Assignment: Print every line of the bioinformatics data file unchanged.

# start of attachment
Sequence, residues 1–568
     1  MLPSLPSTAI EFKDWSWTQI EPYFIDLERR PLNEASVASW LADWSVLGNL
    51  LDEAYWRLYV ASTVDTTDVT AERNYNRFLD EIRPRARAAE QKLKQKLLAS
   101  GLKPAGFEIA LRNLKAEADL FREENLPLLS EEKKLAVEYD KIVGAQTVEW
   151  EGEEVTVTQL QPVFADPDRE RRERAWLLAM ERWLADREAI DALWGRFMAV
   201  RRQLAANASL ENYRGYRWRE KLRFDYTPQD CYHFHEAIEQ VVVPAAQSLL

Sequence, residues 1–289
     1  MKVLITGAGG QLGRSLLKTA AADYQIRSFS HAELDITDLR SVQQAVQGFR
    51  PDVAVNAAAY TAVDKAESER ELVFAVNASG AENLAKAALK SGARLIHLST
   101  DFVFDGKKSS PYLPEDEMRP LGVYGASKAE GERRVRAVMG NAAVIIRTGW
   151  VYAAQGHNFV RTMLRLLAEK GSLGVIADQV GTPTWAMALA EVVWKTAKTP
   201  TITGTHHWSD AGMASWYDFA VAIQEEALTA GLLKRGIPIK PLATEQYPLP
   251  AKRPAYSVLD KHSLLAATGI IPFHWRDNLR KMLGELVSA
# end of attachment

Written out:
Sequence, residues 1–568
     1  MLPSLPSTAI EFKDWSWTQI EPYFIDLERR PLNEASVASW LADWSVLGNL
    51  LDEAYWRLYV ASTVDTTDVT AERNYNRFLD EIRPRARAAE QKLKQKLLAS
   101  GLKPAGFEIA LRNLKAEADL FREENLPLLS EEKKLAVEYD KIVGAQTVEW
   151  EGEEVTVTQL QPVFADPDRE RRERAWLLAM ERWLADREAI DALWGRFMAV
   201  RRQLAANASL ENYRGYRWRE KLRFDYTPQD CYHFHEAIEQ VVVPAAQSLL

Sequence, residues 1–289
     1  MKVLITGAGG QLGRSLLKTA AADYQIRSFS HAELDITDLR SVQQAVQGFR
    51  PDVAVNAAAY TAVDKAESER ELVFAVNASG AENLAKAALK SGARLIHLST
   101  DFVFDGKKSS PYLPEDEMRP LGVYGASKAE GERRVRAVMG NAAVIIRTGW
   151  VYAAQGHNFV RTMLRLLAEK GSLGVIADQV GTPTWAMALA EVVWKTAKTP
   201  TITGTHHWSD AGMASWYDFA VAIQEEALTA GLLKRGIPIK PLATEQYPLP
   251  AKRPAYSVLD KHSLLAATGI IPFHWRDNLR KMLGELVSA